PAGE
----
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1

Anomalies: The Law of One Price in
Financial Markets
Name 5 case why LOOP can fail

-closed-end-country funds
-ADR's (America Depository Receipts) - when foreign security is traded with a huge premium
-Twin Share (e.g. Royal Dutch 60% / Shell Group 40%)
-Corporate Spinoffs
- Dual Class Shares

2

Anomalies: The Law of One Price in
Financial Markets
Assumptions for LOOP

• No transaction costs
• Markets are competitive
• No barriers to trade

3

Anomalies: The Law of One Price in
Financial Markets
4 reasons why LOOP should hold in financial market

• Investors are adequate
• Transactions are almost for free and immediate
• Short-selling is allowed
• Arbitrage opportunities should be exploited

4

Anomalies: The Law of One Price in
Financial Markets
Explanation of anomalies

* Transaction costs still exist
• Lack of instruments
• “Noise trader risk”
• Short-selling isn’t possible

5

Anomalies: The Law of One Price in
Financial Markets
Explain the Law of One Price

Identical goods must have identical prices. In capital markets- identical securities must have identical prices, otherwise, smart investors are able to recognize arbitrage opportunities and make unlimited profits buy buying the cheap one and selling expensive one.

6

Forensic Finance
Examples of FF

*Late trading
*Stock option backdating
*Spinning of IPO’s
*Rewriting history: market recommendation

7

Forensic Finance
the scheme of late trading

1) Mutual funds close at 4 p.m.
2) Investors put offers after the deadline and get better
price
3) Mispricing (“stale price”) due to time zones and
illiquidity

8

Forensic Finance
What is "Market timing"

“Market timing” – taking advantage of difference in the
time that markets close

9

Forensic finance
Specify 4 activities of forensic finance that are illegal and makes speculators better off.

-Late closed mutual funds;
-Stock option backdating;
- The allocation of underpricing IPO's (i.e. spinning of IPO's);
- Rewriting history: market recommendation

10

Forensic finance
What is logic behind allocation of underpricing IPO's (i.e. spinning of IPO's).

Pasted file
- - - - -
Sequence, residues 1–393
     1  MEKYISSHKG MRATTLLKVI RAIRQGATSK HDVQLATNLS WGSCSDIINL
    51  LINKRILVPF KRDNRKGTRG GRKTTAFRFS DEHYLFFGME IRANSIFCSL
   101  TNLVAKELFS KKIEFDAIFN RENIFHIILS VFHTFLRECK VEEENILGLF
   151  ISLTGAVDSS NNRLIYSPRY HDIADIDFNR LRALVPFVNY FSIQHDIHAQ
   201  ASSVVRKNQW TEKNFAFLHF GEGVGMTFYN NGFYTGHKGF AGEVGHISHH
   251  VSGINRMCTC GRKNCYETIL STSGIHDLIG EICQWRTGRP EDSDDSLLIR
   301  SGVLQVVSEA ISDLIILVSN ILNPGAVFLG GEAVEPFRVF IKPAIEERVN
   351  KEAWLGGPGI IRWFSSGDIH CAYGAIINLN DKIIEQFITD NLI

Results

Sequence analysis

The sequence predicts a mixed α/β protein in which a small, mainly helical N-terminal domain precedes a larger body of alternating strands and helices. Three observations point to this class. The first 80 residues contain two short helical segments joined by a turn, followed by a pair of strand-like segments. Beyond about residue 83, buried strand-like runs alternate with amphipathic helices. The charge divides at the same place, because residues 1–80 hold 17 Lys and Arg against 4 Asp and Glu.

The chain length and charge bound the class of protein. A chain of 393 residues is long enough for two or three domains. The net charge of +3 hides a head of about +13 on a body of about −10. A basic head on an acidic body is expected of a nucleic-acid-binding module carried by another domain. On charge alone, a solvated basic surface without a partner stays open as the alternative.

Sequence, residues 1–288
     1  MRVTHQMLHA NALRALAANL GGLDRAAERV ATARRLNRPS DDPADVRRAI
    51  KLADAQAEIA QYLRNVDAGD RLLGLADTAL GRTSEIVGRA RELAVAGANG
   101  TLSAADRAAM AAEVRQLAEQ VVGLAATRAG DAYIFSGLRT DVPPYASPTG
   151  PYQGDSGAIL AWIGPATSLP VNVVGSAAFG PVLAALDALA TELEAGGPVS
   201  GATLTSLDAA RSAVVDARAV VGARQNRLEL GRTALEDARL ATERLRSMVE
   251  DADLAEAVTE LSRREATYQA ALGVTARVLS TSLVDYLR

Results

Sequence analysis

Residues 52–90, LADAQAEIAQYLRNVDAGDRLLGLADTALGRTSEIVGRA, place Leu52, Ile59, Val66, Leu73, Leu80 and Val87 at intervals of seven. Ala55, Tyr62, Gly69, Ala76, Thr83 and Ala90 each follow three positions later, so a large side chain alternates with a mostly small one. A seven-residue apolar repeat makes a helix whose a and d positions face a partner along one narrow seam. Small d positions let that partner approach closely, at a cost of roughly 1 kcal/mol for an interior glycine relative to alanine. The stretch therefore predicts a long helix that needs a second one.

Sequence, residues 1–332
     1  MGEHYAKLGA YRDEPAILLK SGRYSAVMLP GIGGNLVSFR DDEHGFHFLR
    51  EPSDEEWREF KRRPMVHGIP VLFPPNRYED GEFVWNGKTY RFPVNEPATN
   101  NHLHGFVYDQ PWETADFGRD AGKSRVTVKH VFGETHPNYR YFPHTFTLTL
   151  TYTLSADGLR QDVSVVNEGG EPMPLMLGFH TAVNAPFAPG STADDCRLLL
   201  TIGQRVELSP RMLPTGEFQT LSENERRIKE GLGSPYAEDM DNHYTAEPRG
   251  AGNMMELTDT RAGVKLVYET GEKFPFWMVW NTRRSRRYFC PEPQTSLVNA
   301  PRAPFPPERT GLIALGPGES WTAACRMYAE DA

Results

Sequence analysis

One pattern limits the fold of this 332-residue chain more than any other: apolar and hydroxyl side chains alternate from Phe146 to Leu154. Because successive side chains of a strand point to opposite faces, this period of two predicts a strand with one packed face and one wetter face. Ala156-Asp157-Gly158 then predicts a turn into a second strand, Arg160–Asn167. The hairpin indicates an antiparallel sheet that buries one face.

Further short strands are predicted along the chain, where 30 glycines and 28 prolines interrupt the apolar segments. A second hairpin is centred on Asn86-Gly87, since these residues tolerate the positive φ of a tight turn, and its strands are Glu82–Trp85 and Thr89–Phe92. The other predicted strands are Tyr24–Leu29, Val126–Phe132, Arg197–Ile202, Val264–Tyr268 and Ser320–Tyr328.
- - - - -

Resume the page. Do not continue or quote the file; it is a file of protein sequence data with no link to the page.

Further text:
Company goes IPO->goes to an organization->organization provides a dealer->dealer offers to sell the company cheaper->investors who buy-better of, dealer-better of (bribed)

11

Forensic finance
What is logic behind rewriting history.

IBES analysts recommend investors to buy some stocks or sell some stocks, EVEN if it was not good idea for them. Then, they changed the information about what to do for investors, and a lot of people suffered from this.

12

Forensic finance
Results of Late trading scandal

Many of the large mutual fund families that knowingly permitted the late trading were forced to hire independent consultants, to estimate damages and oversee reforms.
*A number of financial professors were hired for the role

- hire consultants, evaluate losses, develop reforms;
- mnogih posadili (investorov, rukovoditelej);
- companies how did late trading - clients were gone;
- big fines;

13

Forensic finance
What is effect of stock backdating on stock price?

it falls (in average 7%)
- effect: new regulations (10 days versus 3 days);
- managers have to pay fines;

14

Forensic finance
What is the result of spinning of IPO's

Company get less money in the
company (as their company is underpriced)
- nothing said, fail...

15

Forensic finance
What is the result of re-writing history research

Thomson has changed its data handling procedures going forward to prevent inadvertent alterations of the data occurring. Thus, the data quality for future research has been improved.
- database was improved;

16

Should We Fear Derivatives?
Benefits of derivatives

• Better risk allocation (risk is taken by riskseeking
investors)
• Informational efficiency (e.g. about expected
interest rates)
• Cheaper than replication (low transaction
costs, no need to pay each time the underlying
price changes)
• Hedging
• Expand investment opportunities

17

Should We Fear Derivatives?
List 4 examples of derivatives

• Forwards/ futures
• Options
• Swaps
• Exotics (combination of derivatives, binary
options, …)

18

Should We Fear Derivatives?